Surfing the web on a wireless network has never been a great experience. But Bigfoot Networks wants to change that with the launch of a new product that accelerates the performance of wireless networking five-fold.
The Killer Wireless-N adapter card for laptops is aimed at creating a no-compromise experience on the wireless web for everyone from gamers to video fans. As we noted before, if this takes off, Bigfoot could become a bigger player in the PC chip business, and consumers won’t have to endure as many frustrating internet slowdowns while using laptops on Wi-Fi networks.
Redwood City, Calif.-based Bigfoot Networks says the new adapter card (pictured right) can push the boundaries of Wi-Fi to allow smooth online games, high-definition video and high-quality audio. As with Bigfoot’s desktop-focused products, the new laptop chips allow users to get a lot of control over their internet experience. If you want to prioritize the delivery of games or video, you can specify that in the card’s settings.
Studies have shown that worldwide consumer internet traffic related to gaming, voice communications, online video and audio will grow 500 percent by 2014. Some 47.5 million people already play online games in the U.S., and users spend about 190 billion minutes per year on Skype, with 40 percent of those calls using video. In these applications, network latency (response time) means a lot. In games, you get more kills in a multiplayer combat game if you have a good connection, or no “lag.” With video conferencing, there is less stuttering, image blurring, and slowdown if you have good response times. And in Skype calls, better network connectivity means that your call clarity is good and you don’t lose calls.
But the popularity of these multimedia services is pushing wireless networks to the limit. When there isn’t enough speed, the video and audio will stutter or freeze entirely. Wireless networks are more prone to suffering from these problems than wired networks, says Michael Howse, chief executive of Bigfoot.
In the past few years, Bigfoot has become very good at optimizing a network for the fastest possible speed. It can deliver packets coming in from the web in .71 milliseconds, compared to 22.5 milliseconds for a normal network card. The average latency is 13 times better with a Bigfoot Networks solution. Bigfoot Networks created its Killer NIC network cards for hardcore gamers, who spared no expense in making their machines and networks faster for online games. It used a technology called Visual Bandwidth Control, which lets you take control of your broadband connection. You can prioritize the traffic coming through your system so that a video stream or conference call gets the highest priority in traveling through your system.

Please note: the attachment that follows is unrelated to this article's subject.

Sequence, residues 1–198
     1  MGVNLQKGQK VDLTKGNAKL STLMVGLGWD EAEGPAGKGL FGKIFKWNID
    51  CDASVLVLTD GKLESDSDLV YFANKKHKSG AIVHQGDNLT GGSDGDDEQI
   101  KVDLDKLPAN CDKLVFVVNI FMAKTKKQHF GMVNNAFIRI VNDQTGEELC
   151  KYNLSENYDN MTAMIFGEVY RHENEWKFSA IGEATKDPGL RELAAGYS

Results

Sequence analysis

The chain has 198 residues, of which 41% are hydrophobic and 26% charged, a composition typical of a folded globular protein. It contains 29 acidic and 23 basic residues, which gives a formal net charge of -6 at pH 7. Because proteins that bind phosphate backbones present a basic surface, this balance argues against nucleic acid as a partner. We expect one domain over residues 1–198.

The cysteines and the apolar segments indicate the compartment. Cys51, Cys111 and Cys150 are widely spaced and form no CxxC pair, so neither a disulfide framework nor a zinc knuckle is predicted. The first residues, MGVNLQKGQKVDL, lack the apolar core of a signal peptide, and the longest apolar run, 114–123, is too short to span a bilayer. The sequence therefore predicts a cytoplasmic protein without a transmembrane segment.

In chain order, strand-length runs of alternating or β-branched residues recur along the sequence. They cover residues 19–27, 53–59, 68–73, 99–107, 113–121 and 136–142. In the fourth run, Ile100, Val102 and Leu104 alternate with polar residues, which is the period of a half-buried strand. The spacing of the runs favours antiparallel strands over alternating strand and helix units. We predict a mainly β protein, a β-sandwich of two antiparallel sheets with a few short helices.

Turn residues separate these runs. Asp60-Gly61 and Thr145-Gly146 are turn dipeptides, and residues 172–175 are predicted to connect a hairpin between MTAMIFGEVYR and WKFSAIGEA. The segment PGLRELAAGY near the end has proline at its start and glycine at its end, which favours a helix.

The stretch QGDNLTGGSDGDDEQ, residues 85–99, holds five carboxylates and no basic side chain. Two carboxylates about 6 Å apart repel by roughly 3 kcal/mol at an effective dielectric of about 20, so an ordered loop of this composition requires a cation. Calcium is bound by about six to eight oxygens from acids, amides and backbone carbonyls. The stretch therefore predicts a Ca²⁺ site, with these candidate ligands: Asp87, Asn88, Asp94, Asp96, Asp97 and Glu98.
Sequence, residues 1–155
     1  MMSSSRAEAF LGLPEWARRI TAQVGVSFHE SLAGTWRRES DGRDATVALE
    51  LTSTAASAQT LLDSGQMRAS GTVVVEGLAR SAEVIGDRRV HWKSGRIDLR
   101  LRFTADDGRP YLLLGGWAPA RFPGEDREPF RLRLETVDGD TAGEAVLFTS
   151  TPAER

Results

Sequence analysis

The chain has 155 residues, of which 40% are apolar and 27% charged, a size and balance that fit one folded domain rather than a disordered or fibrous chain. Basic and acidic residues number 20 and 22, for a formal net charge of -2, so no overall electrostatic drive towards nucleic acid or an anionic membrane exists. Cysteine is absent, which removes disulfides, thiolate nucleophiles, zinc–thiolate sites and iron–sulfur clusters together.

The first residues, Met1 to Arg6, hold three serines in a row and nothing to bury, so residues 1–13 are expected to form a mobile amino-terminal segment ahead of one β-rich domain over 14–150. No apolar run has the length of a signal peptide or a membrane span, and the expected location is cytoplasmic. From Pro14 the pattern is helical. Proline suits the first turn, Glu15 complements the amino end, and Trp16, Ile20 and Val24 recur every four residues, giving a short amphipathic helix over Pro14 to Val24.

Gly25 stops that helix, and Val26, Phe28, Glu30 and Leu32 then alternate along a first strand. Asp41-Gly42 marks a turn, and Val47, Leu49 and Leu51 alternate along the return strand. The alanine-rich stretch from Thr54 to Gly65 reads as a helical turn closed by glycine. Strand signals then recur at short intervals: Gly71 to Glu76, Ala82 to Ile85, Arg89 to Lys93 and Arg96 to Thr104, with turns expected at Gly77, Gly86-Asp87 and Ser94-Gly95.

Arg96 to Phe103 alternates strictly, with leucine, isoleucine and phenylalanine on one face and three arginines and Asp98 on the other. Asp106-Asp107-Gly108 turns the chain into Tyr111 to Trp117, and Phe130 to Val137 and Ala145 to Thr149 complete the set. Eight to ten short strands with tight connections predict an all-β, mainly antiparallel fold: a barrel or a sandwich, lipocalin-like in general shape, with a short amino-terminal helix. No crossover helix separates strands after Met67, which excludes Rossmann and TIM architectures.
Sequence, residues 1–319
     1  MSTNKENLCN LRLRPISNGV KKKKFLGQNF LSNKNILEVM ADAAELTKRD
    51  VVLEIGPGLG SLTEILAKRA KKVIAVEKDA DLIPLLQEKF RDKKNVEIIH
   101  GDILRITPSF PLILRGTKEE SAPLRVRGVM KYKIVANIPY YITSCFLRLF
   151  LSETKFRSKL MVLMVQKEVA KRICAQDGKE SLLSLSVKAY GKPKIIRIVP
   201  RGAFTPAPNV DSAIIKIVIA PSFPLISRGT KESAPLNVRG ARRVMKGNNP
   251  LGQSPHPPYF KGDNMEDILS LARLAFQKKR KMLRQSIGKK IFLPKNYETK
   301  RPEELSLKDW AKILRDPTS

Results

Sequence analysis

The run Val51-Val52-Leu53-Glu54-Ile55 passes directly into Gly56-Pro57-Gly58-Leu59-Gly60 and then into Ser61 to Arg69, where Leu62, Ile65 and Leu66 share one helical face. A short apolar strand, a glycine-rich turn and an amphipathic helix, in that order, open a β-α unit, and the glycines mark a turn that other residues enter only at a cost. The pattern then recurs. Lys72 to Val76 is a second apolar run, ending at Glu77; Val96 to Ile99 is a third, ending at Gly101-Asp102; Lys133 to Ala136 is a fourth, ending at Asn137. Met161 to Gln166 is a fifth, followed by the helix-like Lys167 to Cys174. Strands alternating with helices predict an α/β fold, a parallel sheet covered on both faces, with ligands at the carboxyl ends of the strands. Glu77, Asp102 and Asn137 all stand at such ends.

The Killer Wireless-N adapters support 802.11a/b/g/n standards, operating on the 2.4 gigahertz and 5 gigahertz radio frequency bands. The cards come in a half-size mini PCIe format and can be integrated directly into laptops. The Killer Wireless-N 1103 and 1102 adapters deliver data at a rate of 450 megabits per second and 300 megabits per second, respectively. The company says its performance is five times better on latency than leading competitors.
The Killer Wireless announcement is the latest in a string of big business deals and innovations for Bigfoot. In December, Bigfoot Networks launched its Killer e2100 solution that motherboard vendors could integrate directly into a graphics card. That enabled the Killer HD5770 graphics card from VisionTek, the first graphics card that combined Advanced Micro Devices graphics and a high-performance network accelerator in a single card. Kevin Wasielewski, chief executive of gamer computer maker Origin PC, says that gamers demand the best performance not only in games, but also in streaming movies, music and other kinds of media. The Killer Wireless-N adapters will be introduced this month in laptops from AvaDirect, CyberPower, iBuyPower, Maingear, Origin PC, Sager, the V-Machine, Velocity Micro and others.
VB's research team is studying web-personalization... Chime in here, and we’ll share the results.